• Age: Up to 300% differences in concentration between healthy very young versus “healthy” very old individuals
  • Renal dysfunction: Up to 300% differences in concentration between otherwise healthy patients with very high versus very low estimated glomerular filtration rate (eGFR)
  • Chest pain onset: Over 300%
  • Sex: About 40%

Ischemic and bleeding risk assessments

Initial cTn levels add prognostic information about short- and long-term mortality to clinical and ECG variables (higher hs-cTn levels raise mortality risk). Measure serum creatinine and eGFR in all patients with NSTE-ACS; they are prognostic factors and key elements of the Global Registry of Acute Coronary Events (GRACE) risk score (superior assessment to subjective physician assessment for the occurrence of death or MI). Natriuretic peptides may add incremental prognostic information and may aid in risk stratification.

Academic Research Consortium for High Bleeding Risk (ARC-HBR) is a pragmatic approach for evaluating bleeding risk (includes the most recent trials of HBR patients previously excluded from clinical trials of dual antiplatelet therapy [DAPT] duration or intensity). The PRECISE-DAPT (PRE dicting bleeding omplications n patients undergoing tent implantation and subsEquent DAPT) score may be used to guide and inform decision making on DAPT duration with a modest predictive value for major bleeding. Their value in improving patient outcomes remains unclear.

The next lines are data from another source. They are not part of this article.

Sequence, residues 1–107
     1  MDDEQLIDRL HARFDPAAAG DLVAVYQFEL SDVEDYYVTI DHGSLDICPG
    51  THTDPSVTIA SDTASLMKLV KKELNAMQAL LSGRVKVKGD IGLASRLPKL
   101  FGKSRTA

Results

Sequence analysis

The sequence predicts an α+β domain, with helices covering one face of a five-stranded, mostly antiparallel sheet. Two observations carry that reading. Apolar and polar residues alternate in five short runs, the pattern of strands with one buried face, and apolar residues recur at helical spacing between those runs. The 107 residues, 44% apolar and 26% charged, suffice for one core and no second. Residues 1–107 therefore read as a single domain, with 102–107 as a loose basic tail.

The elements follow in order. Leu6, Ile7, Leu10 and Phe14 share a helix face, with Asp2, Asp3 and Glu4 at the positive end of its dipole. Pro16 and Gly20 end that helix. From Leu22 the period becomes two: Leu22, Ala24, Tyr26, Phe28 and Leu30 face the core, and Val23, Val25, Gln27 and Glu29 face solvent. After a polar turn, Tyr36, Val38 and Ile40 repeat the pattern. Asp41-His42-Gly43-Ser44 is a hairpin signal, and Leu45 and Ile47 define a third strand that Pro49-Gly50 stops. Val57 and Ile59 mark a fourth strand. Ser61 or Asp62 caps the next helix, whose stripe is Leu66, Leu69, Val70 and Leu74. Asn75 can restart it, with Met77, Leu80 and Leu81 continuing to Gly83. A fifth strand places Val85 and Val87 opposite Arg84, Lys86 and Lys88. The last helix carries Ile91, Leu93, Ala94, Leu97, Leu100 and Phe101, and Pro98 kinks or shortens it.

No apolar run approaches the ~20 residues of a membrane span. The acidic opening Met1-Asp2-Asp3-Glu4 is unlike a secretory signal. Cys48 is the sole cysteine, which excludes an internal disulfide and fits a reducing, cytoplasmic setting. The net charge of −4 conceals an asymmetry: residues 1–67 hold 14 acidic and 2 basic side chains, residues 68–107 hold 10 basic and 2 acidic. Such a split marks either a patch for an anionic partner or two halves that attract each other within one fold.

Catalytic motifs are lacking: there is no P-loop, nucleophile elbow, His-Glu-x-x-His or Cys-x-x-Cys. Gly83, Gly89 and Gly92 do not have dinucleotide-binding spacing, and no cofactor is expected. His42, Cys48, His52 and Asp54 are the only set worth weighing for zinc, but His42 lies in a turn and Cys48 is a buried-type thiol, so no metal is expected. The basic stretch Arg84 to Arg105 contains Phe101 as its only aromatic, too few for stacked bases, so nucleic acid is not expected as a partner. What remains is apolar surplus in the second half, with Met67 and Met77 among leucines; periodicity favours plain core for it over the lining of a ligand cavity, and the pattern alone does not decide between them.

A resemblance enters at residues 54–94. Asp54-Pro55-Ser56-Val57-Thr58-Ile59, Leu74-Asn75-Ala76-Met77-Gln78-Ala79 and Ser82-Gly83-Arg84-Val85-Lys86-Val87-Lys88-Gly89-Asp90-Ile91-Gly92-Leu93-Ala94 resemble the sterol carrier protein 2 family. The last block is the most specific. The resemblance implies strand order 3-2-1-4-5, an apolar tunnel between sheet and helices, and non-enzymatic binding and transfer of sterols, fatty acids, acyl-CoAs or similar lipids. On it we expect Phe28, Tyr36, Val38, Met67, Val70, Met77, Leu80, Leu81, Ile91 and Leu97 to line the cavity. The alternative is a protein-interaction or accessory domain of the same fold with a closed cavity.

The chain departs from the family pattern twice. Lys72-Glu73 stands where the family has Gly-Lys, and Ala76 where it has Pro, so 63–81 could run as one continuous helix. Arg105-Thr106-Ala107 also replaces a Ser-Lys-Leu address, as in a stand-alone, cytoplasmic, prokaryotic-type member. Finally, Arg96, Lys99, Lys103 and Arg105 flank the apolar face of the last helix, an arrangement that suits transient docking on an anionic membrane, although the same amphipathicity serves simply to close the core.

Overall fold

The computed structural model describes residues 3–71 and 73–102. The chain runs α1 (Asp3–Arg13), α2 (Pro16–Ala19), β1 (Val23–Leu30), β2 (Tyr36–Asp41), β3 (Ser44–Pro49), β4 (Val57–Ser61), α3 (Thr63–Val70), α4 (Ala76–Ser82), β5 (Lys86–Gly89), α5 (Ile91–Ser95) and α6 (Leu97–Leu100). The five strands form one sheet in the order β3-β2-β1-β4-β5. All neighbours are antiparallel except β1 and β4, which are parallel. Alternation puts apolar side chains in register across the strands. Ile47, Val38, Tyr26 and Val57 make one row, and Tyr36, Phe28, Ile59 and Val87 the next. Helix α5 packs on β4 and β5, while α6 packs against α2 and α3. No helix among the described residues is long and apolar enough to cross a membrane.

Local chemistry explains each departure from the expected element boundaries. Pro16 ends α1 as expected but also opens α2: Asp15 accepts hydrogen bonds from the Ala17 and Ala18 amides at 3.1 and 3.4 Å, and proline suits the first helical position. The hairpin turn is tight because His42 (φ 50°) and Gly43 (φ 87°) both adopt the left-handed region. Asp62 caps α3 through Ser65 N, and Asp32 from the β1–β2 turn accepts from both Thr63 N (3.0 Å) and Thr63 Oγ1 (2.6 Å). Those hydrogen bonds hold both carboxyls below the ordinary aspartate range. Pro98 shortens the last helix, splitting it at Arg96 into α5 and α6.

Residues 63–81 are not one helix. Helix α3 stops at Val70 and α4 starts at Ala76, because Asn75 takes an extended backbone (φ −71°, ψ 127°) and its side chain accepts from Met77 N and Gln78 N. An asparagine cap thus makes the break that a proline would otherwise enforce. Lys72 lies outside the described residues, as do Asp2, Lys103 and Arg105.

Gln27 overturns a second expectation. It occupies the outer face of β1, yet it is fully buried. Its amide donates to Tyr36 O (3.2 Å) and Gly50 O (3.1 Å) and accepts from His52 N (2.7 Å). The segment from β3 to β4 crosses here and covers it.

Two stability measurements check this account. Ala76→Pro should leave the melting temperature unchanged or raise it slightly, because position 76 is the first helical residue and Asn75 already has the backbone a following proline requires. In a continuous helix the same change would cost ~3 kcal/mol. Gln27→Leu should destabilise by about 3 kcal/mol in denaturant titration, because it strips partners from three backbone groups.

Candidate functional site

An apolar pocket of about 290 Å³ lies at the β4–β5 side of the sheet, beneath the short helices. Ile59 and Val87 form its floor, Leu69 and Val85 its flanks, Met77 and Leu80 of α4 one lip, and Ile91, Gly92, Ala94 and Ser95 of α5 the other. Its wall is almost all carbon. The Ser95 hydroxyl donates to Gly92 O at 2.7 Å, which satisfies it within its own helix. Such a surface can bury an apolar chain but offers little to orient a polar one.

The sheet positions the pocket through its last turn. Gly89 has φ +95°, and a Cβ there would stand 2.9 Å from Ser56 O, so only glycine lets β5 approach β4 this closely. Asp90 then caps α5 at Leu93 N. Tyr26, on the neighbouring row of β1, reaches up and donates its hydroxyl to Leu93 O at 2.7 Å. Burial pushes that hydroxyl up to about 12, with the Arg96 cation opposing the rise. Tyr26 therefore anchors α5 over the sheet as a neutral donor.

Noninvasive imaging

After MI has been excluded, elective noninvasive/invasive imaging may still be indicated based on clinical assessment. Coronary CT angiography (CCTA) may be an option in those with a low-to-modest clinical likelihood of unstable angina as a normal scan excludes coronary artery disease (CAD): It has a high negative predictive value (NPV) to rule out ACS (by excluding CAD) and a positive outcome in patients presenting to the emergency department with a low-to-intermediate pretest probability for ACS and a normal CCTA. Upfront imaging with CCTA also reduces the need for invasive coronary angiography (ICA) in high-risk patients. Other imaging options based on risk evaluation include stress imaging by cardiac magnetic resonance imaging (CMRI), stress echocardiography, or nuclear imaging.

Risk Stratification for an Invasive Approach

The ESC recommends an early routine invasive approach within 24 hours of admission for NSTEMI (based on hs-cTn levels, GRACE risk score >140, and dynamic new/presumably new ST-segment changes) to improve major adverse cardiac events and possibly early survival. Highly unstable patients require immediate invasive angiography based on hemodynamic status, arrhythmias, acute heart failure, or persistent chest pain. For all other clinical presentations, a selective invasive approach may be performed based on noninvasive testing or clinical risk assessment.